Last updated on 28th May 2019
Kutaisi is the second largest city in Georgia and has been capital several times in the past. David the Builder was crowned here and buried not far in the Gelati monastery. Furthermore, Kutaisi is famous for having been a destination of Jason and his Argonauts searching for the Golden Fleece. Therefore the city is full of historical, architectural and natural riches and surrounded by impressively high, snow-capped mountains in several directions.
North of the city centre, on top of a hill, widely visible there is Bagati Cathredral. We crossed the river on the chain bridge (Jachvis Khidi) and walked up, choosing the stairs over the cobbled road. We were awarded with a stunning view over the city, the river and the surrounding mountains. The Cathredral is Unesco’s Worlds Heritage and its said it was renovated recently –but did not really look like. On the other hand we did not have the chance to go inside so maybe we missed it.
When walking in tourist style ( base cap, backpack, cameras) it happened that we were stopped by a woman who asked us to come with her. Not understanding her language and hoping for some help in our search for a car to rent we ended up in a tiny kindergarden. There were few women with a group of kids and they were saying “photo, photo“. So we thought we were asked to make some photos while they were playing with the kids. We happily agreed and took the cameras out. Looking back now I think „photo“ was the only word we understood but as they all had their smart phones that was maybe misinterpreted. I guess what they really wanted was to have us as strangers in the room with the kids to play so that they learn that people can look and speak and behave differently. And take pictures of course. However, we had so much fun. It was a happy, enjoyable, buzzing atmosphere in there. Everyone was singing and dancing and playing and no child was aside. The room was very tiny like a small bedroom but it did not feel like. Even a piano was squeezed in. When we left we were given some sweets to say thanks . It was a very much appreciated glimpse into the daily life of some Georgian women and their kids.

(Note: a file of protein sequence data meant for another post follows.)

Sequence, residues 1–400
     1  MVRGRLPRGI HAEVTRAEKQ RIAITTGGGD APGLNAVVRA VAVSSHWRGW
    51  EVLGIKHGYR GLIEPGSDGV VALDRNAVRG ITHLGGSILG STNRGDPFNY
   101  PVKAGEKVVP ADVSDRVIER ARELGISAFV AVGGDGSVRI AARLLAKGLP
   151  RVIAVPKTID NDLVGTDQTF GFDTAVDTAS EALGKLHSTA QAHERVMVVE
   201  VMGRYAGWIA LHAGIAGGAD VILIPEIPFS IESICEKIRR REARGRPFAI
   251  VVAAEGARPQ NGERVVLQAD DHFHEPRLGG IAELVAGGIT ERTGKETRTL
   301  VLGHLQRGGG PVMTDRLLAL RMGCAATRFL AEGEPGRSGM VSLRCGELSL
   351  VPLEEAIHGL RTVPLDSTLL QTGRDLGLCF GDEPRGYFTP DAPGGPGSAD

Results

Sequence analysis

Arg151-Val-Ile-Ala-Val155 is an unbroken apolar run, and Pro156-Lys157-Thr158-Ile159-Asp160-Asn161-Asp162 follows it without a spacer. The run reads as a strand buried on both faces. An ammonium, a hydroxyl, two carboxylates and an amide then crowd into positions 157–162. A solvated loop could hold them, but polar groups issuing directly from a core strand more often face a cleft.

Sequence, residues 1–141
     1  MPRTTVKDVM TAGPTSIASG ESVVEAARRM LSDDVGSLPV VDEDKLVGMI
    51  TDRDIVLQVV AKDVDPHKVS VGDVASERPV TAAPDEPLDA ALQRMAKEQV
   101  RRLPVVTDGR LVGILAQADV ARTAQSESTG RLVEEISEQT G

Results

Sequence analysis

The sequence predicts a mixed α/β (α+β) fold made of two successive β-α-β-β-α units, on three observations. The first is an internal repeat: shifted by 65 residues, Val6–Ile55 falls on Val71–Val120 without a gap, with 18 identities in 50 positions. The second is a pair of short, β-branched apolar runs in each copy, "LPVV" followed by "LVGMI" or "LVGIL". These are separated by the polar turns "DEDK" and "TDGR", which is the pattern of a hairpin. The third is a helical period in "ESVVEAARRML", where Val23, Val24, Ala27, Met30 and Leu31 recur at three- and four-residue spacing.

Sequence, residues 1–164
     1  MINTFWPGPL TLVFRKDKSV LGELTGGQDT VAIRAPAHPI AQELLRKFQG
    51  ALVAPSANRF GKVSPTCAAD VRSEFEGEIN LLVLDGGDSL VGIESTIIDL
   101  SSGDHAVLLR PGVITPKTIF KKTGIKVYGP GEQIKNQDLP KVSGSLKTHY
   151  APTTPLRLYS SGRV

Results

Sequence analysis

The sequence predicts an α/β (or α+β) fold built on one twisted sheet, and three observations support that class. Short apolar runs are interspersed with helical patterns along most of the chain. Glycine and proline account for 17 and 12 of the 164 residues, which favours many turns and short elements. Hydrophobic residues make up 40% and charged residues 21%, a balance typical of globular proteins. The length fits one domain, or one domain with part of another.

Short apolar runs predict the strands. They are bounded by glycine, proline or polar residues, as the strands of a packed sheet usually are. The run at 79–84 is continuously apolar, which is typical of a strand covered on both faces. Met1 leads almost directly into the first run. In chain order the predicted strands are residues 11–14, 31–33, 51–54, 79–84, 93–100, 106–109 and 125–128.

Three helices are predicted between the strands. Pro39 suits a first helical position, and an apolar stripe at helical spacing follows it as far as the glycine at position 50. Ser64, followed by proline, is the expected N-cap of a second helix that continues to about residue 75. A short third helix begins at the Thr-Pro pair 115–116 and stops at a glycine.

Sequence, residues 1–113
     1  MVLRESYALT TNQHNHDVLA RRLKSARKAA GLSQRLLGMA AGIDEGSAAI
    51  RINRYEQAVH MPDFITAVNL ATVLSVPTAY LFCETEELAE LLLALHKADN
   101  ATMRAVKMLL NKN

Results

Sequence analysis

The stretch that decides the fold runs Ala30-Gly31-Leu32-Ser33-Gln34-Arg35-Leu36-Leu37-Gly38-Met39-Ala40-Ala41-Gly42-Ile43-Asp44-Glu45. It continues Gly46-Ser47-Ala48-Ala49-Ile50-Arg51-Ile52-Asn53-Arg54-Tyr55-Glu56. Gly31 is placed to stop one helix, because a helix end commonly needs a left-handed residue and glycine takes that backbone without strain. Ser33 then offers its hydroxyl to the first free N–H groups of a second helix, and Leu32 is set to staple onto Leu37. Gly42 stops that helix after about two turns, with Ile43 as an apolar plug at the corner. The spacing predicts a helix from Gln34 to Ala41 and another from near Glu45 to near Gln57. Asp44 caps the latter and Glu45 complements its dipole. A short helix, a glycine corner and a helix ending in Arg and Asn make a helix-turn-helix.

Kutaisi Indoor Market
In the city center there is an impressive red house wall covered with reliefs. Always curious I had to walk into that area and found myself in one of the largest, liveliest and colourful food markets . There are all sorts of fresh goods and Georgian specialities: fruit and vegetables, mountains of cheese and walnuts, herbs, spices, eggs, meat and plenty more, and churchkhela: strings of walnut coated in grape-juice caramel. I gave it a try but must say is not my type of snack.
A few kilomters west of the city centre there is the impressive parliament building. It looks like a massive glass egg, half buried, coverd with a huge white blanket. It must be quite new and looks very modern, but it seems to be abandoned. When we where there only few guards were present, telling us that there is no opportunity for visiting.
Kutaisi Train Station
There is one road going straight towards the station and dead-ends at the foot of a double staircase leading up, many stairs, so many stairs that one would not wish to climb those stairs with heavy luggage as I did two days later. Finally up and across another road towers a massive statue of David the Builder. From there it is a nice view down that straight road and the city, especially in the evening when the sun sets in the west. Turning around to the station we found it completely empty despite a busy train schedule. It was even hard to find the entrance door as it did not look like one. The positive side was there were no queues and so I got my ticket to Tbilisi in no time for just 8 Lari (less than 3€). Bargain!
Cable Car and Theme Park
There is an odd but funny looking cable car operating from the town centre across the river up to the hilltop southwest of Bagrati Cathedral. Up there is a theme park with a Ferris wheel and other funfair acts. I believe in summer it is fun to be there and also it has wonderful view. But as it is April no one else was up there and nothing was operating except the Ferris wheel in slow motion, so we took the ride. It was funny on this old machine and felt like pulled back in time but surely we enjoyed the magnificent lookout from the top.